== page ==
Despite a sharp decline following last quarter’s disappointing results, the stock of retailer JC Penney (JCP)  (ticker: JCP) is still well clear of its 52-week low. Some buyers may have been heartened by numbers like its improved operating margins in recent months. But value investors risk repeating the disaster of the pay phone if they focus too closely on margins and ignore a much more important indicator: growth.

As I write in my forthcoming book Dead Companies Walking, the lifeblood of any business is growing revenues, and unfortunately for its shareholders (including me — I covered my short position in the company and bought its stock earlier this year), JCP’s revenue growth is anemic at best. Year-over-year comps were flat in its most recent quarter. That’s a serious problem, especially when you consider how rotten its comp growth was last year. When a company can’t even beat a low bar like that, potential investors should think twice, no matter how “cheap” its stock price seems by other valuations.

The jury is still out on JC Penney, particularly whether its poor comps are the result of customers temporarily refusing to return to the chain after its botched makeover in 2012 or a broader secular change in how those customers purchase retail goods. I don’t believe there is any such question, however, for another company with a surprisingly resilient stock price.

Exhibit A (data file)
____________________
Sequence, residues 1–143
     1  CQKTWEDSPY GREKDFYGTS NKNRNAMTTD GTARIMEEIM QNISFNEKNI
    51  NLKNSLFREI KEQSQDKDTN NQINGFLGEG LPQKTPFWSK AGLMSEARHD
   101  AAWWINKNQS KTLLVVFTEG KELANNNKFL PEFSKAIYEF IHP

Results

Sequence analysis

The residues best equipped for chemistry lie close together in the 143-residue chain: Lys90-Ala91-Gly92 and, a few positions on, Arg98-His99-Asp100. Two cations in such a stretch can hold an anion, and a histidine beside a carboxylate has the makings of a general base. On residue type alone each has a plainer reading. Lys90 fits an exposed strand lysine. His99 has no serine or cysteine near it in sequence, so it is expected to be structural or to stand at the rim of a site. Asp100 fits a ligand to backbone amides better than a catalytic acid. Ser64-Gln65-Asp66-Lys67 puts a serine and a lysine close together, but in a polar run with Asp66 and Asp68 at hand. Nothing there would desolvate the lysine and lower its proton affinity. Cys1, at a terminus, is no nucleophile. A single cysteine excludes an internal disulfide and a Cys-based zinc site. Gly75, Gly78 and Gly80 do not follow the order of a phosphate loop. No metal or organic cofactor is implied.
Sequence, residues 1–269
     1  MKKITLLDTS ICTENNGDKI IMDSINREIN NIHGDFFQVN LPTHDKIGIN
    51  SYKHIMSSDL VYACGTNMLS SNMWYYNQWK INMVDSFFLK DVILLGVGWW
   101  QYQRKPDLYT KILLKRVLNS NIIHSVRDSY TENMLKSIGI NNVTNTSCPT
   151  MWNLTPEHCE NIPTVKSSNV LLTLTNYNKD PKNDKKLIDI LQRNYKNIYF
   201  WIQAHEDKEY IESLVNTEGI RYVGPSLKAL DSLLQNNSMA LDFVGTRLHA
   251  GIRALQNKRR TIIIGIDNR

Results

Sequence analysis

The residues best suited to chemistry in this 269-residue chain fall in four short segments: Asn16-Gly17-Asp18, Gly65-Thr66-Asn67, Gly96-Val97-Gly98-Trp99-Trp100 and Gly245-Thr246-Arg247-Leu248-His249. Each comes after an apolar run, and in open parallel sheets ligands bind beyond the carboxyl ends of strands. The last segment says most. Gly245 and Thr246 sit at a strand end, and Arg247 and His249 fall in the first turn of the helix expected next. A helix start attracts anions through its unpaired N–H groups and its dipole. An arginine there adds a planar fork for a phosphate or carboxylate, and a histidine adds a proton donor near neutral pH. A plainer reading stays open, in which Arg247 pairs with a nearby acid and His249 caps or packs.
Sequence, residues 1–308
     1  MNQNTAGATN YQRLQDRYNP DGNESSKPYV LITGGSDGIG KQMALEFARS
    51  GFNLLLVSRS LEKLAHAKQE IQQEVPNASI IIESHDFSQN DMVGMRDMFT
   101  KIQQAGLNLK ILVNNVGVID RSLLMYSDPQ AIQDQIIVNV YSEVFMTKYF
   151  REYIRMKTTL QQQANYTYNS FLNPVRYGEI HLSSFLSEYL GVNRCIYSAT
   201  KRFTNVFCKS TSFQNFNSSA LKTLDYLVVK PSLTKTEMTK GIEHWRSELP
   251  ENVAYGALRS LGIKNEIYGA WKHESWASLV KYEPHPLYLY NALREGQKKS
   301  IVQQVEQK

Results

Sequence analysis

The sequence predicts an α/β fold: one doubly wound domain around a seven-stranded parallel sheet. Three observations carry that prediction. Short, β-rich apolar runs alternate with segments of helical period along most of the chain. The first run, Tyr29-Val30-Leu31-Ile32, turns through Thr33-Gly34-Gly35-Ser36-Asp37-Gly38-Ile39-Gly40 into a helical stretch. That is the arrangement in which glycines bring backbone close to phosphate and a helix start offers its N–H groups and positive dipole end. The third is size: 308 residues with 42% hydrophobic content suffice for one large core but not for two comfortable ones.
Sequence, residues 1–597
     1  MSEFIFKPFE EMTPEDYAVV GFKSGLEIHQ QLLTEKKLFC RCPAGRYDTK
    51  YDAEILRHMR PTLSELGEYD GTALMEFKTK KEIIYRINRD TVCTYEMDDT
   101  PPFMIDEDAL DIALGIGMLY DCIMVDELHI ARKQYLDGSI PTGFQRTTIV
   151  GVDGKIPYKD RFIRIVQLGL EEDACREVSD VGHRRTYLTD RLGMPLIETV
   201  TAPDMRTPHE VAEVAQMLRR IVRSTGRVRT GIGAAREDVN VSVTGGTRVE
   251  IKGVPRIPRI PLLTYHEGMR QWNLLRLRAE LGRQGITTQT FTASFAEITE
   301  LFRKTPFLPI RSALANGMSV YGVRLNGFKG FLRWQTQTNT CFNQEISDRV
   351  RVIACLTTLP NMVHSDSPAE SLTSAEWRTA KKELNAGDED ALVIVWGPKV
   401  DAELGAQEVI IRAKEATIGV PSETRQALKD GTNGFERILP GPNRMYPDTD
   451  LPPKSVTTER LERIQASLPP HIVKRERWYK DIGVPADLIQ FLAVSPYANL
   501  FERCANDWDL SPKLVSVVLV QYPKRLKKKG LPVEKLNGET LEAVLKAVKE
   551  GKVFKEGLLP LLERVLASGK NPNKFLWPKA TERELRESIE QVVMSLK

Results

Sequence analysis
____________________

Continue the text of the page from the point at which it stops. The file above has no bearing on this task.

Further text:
Dex Media (ticker: DXM) has emerged as the largest surviving publicly traded producer of another telephone-related holdover from the last century, the Yellow Pages. Its stock, too, still seems temptingly inexpensive by various valuation measures, especially its multiple of cash flow. As with pay phone operators and deregulation in the late 1990s, some analysts have also been touting new opportunities for the company, specifically its online services. But even the most optimistic growth projections for those new services don’t seem to be sufficient to offset the precipitous decline in its print directory revenues. That leaves its shareholders precariously hoping that the company can grow its less profitable — and far from proven — online segment fast enough to make up for its rapidly disappearing traditional business, plus service the company’s massive debt load, to boot. In my opinion, that is a very iffy proposition, and yet — just as with pay phones in the late 1990s — there still seem to be plenty of people willing to risk money on it. Dex Media’s stock has remained stubbornly far above 52-week lows for months now.